The red cacti fruit  contrasts nicely against the green branches. 
Water trapped on petals of a Wandering Jew plant.
 The bright green of the philodendron contrasts nicely with the dark
purple Wandering Jew and it's delicate pale lavender flower.

I'm trying to improve my photography and composition skills.  Digital cameras are a god-send, since I can take as many photos as I desire without worrying about film and developing costs!

Keep creating!!

Friday, June 26, 2015

Week 21 - Weekly Art Challenge - Other Artwork

For Week 21, I didn't get anything new completed to post. So I'm posting a couple pieces that I finished some time ago. 

Dad's Hunting Dog - 20" x 16", oil on canvas
 This is an oil painting I did for my father-in-law of one of his favorite hunting dogs that he lost too early. He was very pleased and it hangs in the dining room of his home.

Mom and Dad - 20" x 16", oil on canvas
I painted this portrait of my parents from a photo I took of them when they stayed with me in Florida one year while I had surgery. My parents had fun figuring out when I photographed them in the clothing they are wearing, as they couldn't remember having any such outfits! I had to laugh and tell them it's artistic license! (Mom is an artist, so she should have guessed this!). Dad had a white T-shirt with a wild print on, so I painted it as yellow. Mom wore a bright, printed button-down shirt. I painted a plain blue jacket over her brightly-colored top. They were very surprised with the gift and it has a prominent location in their home, overlooking photos of the rest of the family.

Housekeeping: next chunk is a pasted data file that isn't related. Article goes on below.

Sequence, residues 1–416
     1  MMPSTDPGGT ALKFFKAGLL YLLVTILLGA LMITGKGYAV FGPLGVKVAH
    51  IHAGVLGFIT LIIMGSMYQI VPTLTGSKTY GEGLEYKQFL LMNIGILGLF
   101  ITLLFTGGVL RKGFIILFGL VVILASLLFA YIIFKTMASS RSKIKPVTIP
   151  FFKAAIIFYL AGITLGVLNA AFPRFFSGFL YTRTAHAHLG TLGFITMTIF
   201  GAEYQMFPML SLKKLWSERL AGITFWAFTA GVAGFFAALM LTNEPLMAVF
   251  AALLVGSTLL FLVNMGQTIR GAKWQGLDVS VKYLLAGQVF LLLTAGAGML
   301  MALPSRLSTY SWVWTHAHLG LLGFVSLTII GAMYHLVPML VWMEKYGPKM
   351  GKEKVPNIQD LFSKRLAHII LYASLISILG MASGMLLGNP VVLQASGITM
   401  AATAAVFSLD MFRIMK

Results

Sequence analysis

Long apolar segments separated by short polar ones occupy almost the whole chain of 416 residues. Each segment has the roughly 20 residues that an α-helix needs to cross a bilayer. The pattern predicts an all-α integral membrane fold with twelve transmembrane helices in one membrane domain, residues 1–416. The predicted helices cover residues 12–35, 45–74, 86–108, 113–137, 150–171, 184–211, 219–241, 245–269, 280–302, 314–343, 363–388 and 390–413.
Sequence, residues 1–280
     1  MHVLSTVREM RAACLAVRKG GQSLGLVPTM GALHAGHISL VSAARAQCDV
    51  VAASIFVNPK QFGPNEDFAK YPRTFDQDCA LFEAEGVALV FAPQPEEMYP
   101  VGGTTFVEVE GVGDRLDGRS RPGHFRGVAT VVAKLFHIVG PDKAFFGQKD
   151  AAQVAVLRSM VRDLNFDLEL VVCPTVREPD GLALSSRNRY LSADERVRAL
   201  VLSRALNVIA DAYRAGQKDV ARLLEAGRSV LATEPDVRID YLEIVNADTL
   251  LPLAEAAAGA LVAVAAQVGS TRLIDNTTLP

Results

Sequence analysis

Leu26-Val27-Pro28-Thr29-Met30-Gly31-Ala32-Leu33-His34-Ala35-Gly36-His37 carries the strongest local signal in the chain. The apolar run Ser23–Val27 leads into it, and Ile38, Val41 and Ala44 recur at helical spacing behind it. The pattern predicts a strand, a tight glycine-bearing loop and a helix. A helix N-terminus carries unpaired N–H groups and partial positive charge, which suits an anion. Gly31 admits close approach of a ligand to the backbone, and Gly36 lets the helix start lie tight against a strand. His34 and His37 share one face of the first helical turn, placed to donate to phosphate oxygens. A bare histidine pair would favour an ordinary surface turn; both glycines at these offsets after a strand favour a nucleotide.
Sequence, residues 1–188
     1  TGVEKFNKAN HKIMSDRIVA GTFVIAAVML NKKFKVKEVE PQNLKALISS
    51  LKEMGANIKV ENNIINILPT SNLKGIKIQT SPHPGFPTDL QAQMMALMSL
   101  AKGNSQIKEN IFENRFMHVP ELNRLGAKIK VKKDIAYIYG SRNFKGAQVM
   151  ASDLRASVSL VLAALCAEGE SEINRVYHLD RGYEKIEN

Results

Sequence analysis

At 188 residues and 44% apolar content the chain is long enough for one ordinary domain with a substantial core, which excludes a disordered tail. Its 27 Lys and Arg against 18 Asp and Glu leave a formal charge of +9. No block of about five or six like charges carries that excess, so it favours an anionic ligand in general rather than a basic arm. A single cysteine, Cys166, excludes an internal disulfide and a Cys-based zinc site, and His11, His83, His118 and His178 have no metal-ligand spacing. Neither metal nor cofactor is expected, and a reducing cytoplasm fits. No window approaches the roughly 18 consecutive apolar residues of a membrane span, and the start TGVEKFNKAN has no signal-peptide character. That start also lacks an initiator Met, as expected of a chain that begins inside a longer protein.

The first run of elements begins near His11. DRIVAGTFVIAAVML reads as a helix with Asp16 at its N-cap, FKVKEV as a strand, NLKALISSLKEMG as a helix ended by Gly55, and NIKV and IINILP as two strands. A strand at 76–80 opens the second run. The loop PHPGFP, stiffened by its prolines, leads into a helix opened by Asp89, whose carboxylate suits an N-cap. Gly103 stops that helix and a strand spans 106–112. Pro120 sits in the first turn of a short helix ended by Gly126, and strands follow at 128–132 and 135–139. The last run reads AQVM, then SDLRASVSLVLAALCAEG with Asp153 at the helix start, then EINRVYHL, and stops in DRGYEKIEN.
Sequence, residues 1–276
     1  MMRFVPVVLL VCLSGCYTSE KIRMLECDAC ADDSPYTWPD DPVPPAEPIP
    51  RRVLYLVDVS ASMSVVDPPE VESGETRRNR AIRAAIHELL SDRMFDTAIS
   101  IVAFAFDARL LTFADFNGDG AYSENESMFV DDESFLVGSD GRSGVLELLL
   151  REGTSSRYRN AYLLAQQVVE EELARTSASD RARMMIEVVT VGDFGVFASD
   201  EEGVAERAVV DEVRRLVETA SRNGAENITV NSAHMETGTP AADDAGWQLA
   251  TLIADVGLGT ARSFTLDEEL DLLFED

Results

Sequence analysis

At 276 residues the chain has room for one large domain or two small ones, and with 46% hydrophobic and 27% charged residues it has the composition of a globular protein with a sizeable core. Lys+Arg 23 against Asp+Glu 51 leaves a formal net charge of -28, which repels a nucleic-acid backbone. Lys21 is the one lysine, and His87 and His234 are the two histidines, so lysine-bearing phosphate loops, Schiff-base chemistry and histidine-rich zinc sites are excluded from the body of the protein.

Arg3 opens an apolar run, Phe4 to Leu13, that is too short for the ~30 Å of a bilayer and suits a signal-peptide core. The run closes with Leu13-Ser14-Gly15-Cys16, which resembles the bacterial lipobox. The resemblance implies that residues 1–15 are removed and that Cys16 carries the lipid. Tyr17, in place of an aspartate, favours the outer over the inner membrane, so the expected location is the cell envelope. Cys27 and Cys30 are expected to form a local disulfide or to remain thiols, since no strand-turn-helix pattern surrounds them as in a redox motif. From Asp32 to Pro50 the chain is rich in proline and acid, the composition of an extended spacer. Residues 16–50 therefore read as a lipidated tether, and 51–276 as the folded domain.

I no longer work in oils very much, as the smell bothers me more and I'm starting to react to the oils if I get them on my hands for any length of time. It's a shame, as they are easy to work with and so forgiving if a mistake is made!  However, water-soluble oils are now available. I don't know if I would react the same to these, since I wouldn't have to work with solvents. I might have to give them a try.

Keep creating!

Week 20 - Weekly Art Challenge - Faces

For this Weekly Art Challenge, I worked on the next exercise in  Jane Davenport's Drawing and Painting Beautiful Faces. (See previous posts here). Jane described drawing and shading spheres; then explained how the face can be represented by spheres to help create dimension with shading. Working with the "Draw Happy" faces, she added spheres for the cheeks, nose, chin and lips.  These are the two faces I did in this style. 

"Baby face" - 4" x 4" - charcoal and 0.005 black Sakura micron pen on mixed-media paper.
In this sketch, I started with the guidelines and eyes. I added spheres for the nose, lips, chin, and cheeks. After adding the shading, I saw a baby's face, so added just a few tufts of hair.

"Young girl" - 4" x 4", charcoal and 0.005 black Sakura micron pen on mixed-media paper.
Again, I started with the guidelines and eyes, adding spheres for the various facial features. This young girl still needs work, but I think I got the concept Jane was illustrating with using spheres to help add dimension to a face.

I'm enjoying Jane's book and learning more about how to draw faces. However, for me, it's tough to get a good face without a photograph.

Keep creating!